NGOs are closely watched by US secret services / News / News agency Inforos
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NGOs are closely watched by US secret services

December 28 international organization Human Rights Watch (HRW) made public a statement alleging that the amendments made to the Russian NGO bill did not significantly improve any negative impact the bill might have on the activities of human rights groups in Russia. Previously the NGO bill had been approved by Russian parliamentarians and is expected to be endorsed shortly by the Russian President.

HRW says the amended bill still does not preclude the closure of foreign humanitarian NGO branches in Russia. In this context HRW asked for the G8 Group, of which Russia assumes the chairmanship on January 1, to raise the issue with Moscow during the upcoming summits and other meetings.

The human rights watchers note that though some of the provisions of the bill have been softened as compared to the original version, foreign NGOs operating on Russian soil are still obliged to notify the registration authority of their projects ahead of the upcoming year and the funds allotted for each specific project.

As a result, points out HRW, it would be up to the bureaucracy to decide which projects or their parts comply with Russia's national interests and which do not. In the event of an "imported" NGO still persisting in a project rejected by the state authorities, its branches in Russia may be closed, bridles HRW at the bill.

As has been reported, Russian President Vladimir Putin had pointed out, and with good reason, that legislative restrictions on foreign NGO activity are needed to prevent the funding of political activity from abroad. It's an open secret that practically after each "color revolution" on post-Soviet territory US government officials sooner or later admitted that the US had funded the events through NGOs.

In connection with the Russian leader's statement and the allegedly vague definition of "political activity" in the bill, HRW expressed its fears that the term might be interpreted by government officials too broadly.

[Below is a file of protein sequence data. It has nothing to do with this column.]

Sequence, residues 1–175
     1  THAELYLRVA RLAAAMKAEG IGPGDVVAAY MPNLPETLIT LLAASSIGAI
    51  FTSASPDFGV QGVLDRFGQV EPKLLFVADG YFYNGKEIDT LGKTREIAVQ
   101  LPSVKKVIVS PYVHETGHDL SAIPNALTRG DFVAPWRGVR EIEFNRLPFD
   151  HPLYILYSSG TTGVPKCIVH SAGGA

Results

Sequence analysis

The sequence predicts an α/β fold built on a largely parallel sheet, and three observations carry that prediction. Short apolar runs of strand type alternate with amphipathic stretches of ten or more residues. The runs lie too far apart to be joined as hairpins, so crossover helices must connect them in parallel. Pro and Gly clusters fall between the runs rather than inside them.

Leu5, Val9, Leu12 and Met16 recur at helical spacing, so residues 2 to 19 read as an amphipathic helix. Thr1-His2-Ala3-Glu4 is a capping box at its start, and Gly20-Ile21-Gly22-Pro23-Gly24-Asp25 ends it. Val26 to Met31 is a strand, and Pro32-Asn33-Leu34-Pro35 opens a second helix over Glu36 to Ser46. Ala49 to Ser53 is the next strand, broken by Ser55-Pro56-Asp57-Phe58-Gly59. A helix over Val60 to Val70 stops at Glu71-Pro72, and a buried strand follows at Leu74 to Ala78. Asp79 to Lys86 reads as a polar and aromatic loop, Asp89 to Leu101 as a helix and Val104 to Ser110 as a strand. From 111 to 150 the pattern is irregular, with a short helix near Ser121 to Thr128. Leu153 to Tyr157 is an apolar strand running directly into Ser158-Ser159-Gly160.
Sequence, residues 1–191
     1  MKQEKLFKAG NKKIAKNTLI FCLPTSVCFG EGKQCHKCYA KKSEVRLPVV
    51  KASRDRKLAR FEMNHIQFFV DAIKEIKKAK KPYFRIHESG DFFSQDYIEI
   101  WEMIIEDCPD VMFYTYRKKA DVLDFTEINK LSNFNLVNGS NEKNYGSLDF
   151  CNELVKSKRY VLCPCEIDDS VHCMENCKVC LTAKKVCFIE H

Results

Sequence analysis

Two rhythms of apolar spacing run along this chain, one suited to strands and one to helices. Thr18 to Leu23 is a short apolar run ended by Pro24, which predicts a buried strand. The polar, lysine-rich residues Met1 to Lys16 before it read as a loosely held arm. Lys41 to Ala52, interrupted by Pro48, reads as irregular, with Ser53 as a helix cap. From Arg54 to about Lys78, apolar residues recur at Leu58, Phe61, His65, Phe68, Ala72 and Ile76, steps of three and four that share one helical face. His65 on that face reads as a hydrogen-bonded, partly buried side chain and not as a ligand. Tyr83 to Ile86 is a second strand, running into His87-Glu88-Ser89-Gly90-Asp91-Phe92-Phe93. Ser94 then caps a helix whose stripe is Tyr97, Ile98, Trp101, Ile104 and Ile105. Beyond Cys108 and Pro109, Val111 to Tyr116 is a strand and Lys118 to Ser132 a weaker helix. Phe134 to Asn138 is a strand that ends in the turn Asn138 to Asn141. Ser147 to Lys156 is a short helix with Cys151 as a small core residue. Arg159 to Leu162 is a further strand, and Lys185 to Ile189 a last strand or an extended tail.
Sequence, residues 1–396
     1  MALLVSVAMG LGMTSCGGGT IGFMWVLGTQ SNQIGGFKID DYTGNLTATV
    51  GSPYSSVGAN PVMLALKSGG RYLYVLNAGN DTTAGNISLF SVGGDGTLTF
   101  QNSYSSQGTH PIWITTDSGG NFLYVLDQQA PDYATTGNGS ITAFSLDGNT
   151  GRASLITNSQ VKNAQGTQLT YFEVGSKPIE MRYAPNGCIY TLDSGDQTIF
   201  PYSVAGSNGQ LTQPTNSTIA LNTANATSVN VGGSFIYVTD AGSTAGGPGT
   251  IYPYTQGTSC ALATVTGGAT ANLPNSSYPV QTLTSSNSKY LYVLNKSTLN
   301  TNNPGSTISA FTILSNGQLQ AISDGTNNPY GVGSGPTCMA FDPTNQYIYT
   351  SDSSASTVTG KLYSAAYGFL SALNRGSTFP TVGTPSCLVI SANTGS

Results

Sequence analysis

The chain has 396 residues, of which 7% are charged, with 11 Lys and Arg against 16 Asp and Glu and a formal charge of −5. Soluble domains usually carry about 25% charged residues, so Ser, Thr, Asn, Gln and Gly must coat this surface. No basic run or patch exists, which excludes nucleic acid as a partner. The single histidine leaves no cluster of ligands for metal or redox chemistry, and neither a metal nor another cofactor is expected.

Sharp criticism was also leveled against the Russian bill at the beginning of December by US State Secretary Condoleezza Rice. At a joint press conference with Ukrainian president Viktor Yushchenko she expressed hope that the Russian government realized the need for non-governmental organizations to maintain "a stable democratic climate".

Later on, commenting on C. Rice's statement, US State Department spokesman Adam Ereli emphasized that the US authorities would continue to discuss the NGO bill with Russia urging it on to move "in a positive direction". The diplomat explained that by the "positive direction" he meant the observance of freedoms and providing Russian citizens with a possibility of acting for the benefit of the common good".

However, the US officials' words do not quite agree with the actual US policies on the matter inside the US itself. The fact is that US secret services exercise a strict control over NGO activities inside the country. Under the pretext of preventing terrorism, the FBI closely watches the activities of the various American NGOs and their activists.

Just on the eve of the discussion of the NGO bill in Russian parliament the "American Civil Liberties Union" made public documents demonstrating that the FBI had been watching some 150 NGOs, including anti-war and civil liberties groups.

Notably, the surveillance over NGOs and their activists, as well as keeping files on them, had been conducted by US secret services long before the terrorist attacks of September 11, 2001. To top it, the FBI and the US Department of Justice maintain that "close monitoring of the activities of some NGOs is legitimate" and "justified from the viewpoint of assuring the internal security of the country".

After the attack on the "twin towers" the US secret services only redoubled their control of the activities of public and political organizations.
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